Iraqi Violence Moves South

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Qassen Zein / AFP / Getty

An Iraqi man carries the body of a child killed during an attack at a Polish Army base in Diwaniyah.

Amid reports of mounting Shi'a infighting there, officials in the Southern city of Diwaniyah, about 100 miles south of Baghdad, say that not only Iran but other neighboring countries in the Gulf may be involved in stoking the violence. Two incidents this week have ratcheted up their concern. On Wednesday, seven Iraqi police officers were killed by a bomb in the nearby village of Afak. That followed bloodshed on Monday, when at least six civilians were killed and dozens wounded in a mortar barrage on the Polish-run Coalition base in town.

Such spectacular incidents overshadow the almost daily clashes between the rival Shi'ite militias that inevitably kill and maim civilians. Diwaniyah now nearly rivals Basra as a vicious free-for-all in the growing civil war among the Shi'a. While none of the recent fighting can be directly linked to any outside group, local security officials say that they can now add to the list of troublemakers elements of al-Qaeda and other Sunni Arab fighters, who appear to be taking advantage of the chaos to regain a toehold in the region and accelerate the flow of Shi'a blood.

Diwaniyah's Iraqi security chief, Sheik Hussein Hadi al Buderi, said at least 50 "Afghans," local slang for Iraqi or foreign Sunni militants trained abroad for jihad, have recently "penetrated" the town. "Yes," he said, "there is a presence of al-Qaeda now in Diwaniyah."

Even without these new sectarian elements, clashes between Shi'a factions have made Diwaniyah a recent flashpoint in Iraq even as other areas, most notably cities in Anbar Province, have calmed down. The local government and security forces of Diwaniyah are largely controlled by the Supreme Islamic Iraqi Council (SIIC) and its armed wing, the Badr Corps, who are challenged almost daily in the streets by members of the rival Jaish al Mahdi, the militia loyal to cleric Moqtada al Sadr. (The SIIC was formerly known as the Supreme Council for Islamic Revolution in Iraq, with the initials SCIRI.) While both groups are engaged in a raw and bloody fight for dominance in the region, they are also pitted against each other by basic political positions that are key to the Shi'ite majority in search of a national identity and place in Iraq's future.

In general, the SIIC and Badr militia, who have shown more willingness to work with both the Coalition and Iran in their bid for power, advocate a soft partitioning of Iraq and the creation of a semi-autonomous political region in the South that they, of course, would control. The Sadrists, for their part, wrap themselves in a nationalist banner and advocate a strong central government in Baghdad, where the Sadrists have the majority of their most fervent constituency and the ear of the Shi'ite Prime Minister Nouri al Maliki, and where they run several key government ministries.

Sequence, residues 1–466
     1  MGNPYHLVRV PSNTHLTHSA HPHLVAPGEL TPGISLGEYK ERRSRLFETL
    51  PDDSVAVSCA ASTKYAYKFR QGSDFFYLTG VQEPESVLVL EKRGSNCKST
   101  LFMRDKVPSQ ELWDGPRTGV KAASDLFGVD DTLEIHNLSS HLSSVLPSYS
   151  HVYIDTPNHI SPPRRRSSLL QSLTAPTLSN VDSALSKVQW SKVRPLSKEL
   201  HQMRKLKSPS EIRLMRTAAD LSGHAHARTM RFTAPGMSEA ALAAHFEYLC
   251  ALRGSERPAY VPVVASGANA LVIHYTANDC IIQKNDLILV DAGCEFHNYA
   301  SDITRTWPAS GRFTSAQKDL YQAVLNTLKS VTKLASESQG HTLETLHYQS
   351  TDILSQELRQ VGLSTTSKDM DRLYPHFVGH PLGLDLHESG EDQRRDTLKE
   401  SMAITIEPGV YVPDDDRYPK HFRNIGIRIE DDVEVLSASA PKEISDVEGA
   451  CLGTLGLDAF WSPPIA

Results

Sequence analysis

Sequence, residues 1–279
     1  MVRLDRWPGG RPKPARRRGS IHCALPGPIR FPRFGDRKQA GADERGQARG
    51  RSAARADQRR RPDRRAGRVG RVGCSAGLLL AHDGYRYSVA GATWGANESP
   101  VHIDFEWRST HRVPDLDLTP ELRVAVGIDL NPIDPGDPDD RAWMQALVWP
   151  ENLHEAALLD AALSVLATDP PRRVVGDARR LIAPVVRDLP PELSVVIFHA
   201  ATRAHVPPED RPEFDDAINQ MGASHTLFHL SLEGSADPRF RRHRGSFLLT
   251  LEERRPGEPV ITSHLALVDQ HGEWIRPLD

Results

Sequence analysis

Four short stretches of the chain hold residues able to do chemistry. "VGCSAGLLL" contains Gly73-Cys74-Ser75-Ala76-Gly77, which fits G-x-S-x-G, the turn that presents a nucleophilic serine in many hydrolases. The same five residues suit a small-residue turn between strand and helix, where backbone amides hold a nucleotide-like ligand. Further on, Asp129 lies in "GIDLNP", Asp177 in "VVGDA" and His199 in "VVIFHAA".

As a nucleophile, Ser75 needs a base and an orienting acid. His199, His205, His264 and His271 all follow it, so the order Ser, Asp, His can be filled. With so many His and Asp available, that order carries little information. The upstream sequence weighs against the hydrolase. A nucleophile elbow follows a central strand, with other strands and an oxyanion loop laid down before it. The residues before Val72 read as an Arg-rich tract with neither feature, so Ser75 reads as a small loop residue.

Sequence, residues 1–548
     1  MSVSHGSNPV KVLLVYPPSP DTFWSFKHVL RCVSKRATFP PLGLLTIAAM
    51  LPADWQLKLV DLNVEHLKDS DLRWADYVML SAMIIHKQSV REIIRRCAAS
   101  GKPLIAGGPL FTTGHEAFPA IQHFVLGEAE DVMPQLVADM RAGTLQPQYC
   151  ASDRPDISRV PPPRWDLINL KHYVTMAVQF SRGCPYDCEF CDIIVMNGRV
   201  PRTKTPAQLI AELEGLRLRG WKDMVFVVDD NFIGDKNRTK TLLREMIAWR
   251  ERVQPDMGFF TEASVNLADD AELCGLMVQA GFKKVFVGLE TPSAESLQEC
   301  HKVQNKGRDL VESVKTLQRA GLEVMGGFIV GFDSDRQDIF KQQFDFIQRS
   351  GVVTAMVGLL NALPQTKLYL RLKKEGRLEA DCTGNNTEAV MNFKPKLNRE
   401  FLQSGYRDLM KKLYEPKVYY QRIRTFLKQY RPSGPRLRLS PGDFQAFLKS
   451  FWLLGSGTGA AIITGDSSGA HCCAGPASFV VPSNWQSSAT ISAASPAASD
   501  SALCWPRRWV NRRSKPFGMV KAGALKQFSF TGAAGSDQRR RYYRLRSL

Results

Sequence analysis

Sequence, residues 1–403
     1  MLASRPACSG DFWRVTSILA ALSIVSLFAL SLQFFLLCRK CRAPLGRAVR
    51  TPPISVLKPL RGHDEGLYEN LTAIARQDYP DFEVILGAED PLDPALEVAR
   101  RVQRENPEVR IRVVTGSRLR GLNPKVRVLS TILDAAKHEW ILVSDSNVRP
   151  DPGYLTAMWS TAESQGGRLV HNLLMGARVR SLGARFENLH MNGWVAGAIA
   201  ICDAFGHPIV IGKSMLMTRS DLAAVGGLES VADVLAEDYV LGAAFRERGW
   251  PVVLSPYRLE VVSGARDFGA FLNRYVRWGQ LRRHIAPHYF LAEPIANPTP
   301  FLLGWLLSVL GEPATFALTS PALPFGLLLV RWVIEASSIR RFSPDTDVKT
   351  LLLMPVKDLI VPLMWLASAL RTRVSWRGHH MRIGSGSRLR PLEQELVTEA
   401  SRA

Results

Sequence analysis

Although the two groups recently pledged to work together in an accord signed by Sadr and SIIC leader Abdul Aziz al Hakim two weeks ago in Iran, the power grab plays out daily on the streets of southern cities such as Diwaniyah. "What's happening in this town is like a political duel over who's going to govern," said Ali al Mayali, a Sadrist member of the Iraqi Parliament. "It's a fight to control the street." Fueling that fight, Mayali said, is money and other support from neighboring countries. He would not point fingers. While U.S. officials point to the presence of Iranian-trained cells of both Badr and Sadr militias in Diwaniyah, residents talk also of Saudi Arabia and other Gulf states having a hand in the growing violence. "There is a lot of money being spent in Diwaniyah and all over Iraq to create chaos and intolerance," Mayali said.

Besides Sadr's Jaish al Mahdi and Hakim's Badr Corps, a new group has recently surfaced in the city called the Brigade of Hussein, named after the 7th Century Shi'ite martyr Imam Hussein, the central figure of Shi'a Islam. The group claimed responsibility for the recent attack on the Polish ambassador in Baghdad, a coordinated ambush that included a series of timed explosions and pre-planned gunfire that wounded the ambassador and killed one of his security guards. In Diwaniyah, locals say these armed groups may focus their attention on the local Polish base in the city in an effort to push the Coalition out of the city. That's just what the militias did with the British in Basra, leaving the city up for grabs for an all-out fight for power, an intra-sect bloodbath that Sunni extremists would only love to hasten and exploit. With reporting by TIME's Iraqi staff in the South